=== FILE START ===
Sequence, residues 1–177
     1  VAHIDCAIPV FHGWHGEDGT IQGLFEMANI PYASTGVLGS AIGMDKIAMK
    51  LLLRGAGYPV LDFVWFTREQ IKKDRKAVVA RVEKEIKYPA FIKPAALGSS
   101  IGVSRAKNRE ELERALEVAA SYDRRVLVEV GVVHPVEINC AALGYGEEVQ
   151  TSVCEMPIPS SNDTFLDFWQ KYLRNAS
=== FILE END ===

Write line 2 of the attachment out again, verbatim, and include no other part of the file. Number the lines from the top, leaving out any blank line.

     1  VAHIDCAIPV FHGWHGEDGT IQGLFEMANI PYASTGVLGS AIGMDKIAMK